Dedicated funding sought for Minnesota elderly care
ST. PAUL – Minnesota's elderly population is beginning to boom, and some Minnesota lawmakers say the state is late in making sure there is funding to take care of them.
Sen. Kent Eken, D-Twin Valley, again this year is leading an effort to increase funding for senior citizens and the disabled. He announced Thursday that instead of trying to pass a law this year, he wants to amend the state constitution to require funding for "the state's most vulnerable."
As baby boomers age, the state's nursing home and home health care industries will be pressed, Eken and other lawmakers said. More than 1.3 million Minnesotans will be at least 65 years old, and Eken said 70 percent of them will need some form of long-term care.
The senator said his effort is meant to "shine a spotlight on an issue that in our view has been too often ignored."
Under Eken's plan, an estimated $1.2 billion a year would be provided by adding a tax on the top 4 percent of wealthiest Minnesotans.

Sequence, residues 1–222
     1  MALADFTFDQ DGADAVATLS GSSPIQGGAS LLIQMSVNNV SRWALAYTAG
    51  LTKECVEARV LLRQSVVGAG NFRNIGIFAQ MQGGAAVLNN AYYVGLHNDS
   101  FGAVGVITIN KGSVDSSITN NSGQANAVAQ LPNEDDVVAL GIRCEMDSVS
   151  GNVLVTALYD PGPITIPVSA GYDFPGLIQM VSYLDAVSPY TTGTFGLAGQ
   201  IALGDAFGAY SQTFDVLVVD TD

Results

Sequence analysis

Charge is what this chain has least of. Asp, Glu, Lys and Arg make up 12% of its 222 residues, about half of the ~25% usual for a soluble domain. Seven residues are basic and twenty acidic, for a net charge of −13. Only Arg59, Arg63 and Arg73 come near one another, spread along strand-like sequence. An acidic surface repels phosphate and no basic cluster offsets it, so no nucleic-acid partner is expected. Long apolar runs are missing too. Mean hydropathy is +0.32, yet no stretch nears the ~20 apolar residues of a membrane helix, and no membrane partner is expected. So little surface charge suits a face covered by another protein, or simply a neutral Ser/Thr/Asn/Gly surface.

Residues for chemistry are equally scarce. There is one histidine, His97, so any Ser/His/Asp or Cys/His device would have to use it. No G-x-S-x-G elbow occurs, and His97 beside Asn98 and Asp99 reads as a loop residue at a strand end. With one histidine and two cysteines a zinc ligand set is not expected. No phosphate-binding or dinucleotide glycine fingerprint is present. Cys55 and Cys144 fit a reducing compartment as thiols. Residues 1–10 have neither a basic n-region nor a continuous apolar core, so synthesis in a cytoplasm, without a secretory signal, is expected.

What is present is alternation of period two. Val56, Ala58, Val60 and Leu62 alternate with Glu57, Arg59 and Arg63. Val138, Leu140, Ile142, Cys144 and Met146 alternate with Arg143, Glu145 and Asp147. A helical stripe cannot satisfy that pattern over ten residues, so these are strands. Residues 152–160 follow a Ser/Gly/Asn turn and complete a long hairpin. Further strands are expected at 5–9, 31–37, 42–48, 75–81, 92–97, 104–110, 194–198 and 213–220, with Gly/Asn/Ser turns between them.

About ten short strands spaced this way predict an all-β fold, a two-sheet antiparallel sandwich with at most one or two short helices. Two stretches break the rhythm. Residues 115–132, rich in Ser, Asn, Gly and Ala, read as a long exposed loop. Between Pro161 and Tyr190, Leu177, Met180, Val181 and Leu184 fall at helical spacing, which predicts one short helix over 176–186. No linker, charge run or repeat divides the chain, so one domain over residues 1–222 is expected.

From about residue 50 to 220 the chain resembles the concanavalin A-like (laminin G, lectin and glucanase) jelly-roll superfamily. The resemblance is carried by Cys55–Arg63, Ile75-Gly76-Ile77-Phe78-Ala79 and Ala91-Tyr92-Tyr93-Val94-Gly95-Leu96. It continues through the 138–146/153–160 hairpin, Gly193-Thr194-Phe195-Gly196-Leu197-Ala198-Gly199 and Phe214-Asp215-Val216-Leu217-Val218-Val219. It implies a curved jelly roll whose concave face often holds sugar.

Americans pay a federal tax up to that amount to fund Social Security. Eken said the state would add the same size tax on people earning more than $118,500.
The plan is bound to draw criticism from Republicans who do not want to raise taxes.
Joining Eken were Rep. Jerry Newton, D-Coon Rapids, and Sen. John Hoffman, D-Champlin.
They said the plan to fund the long-term care needs is open for change, and Eken invited Republicans to present their alternatives. He also said he has considered not including a funding plan, just requiring the Legislature to dedicate funding to elder and disabled care.
"We are looking for a solution that is a long-term, permanent solution," Newton said.
"It is finally about time we have this open discussion about it," Hoffman added.
The Eken plan would amend the constitution for 25 years, enough to ride out what he described as "an age wave coming toward us, the likes of which we have never seen."
Supporters of the Eken amendment say the constitution requires the dedication of other funds, such as those for transportation, arts and outdoors projects. Without dedicating funds to long-term care, they say, senior citizen and disabled care will fight education and other issues for state money.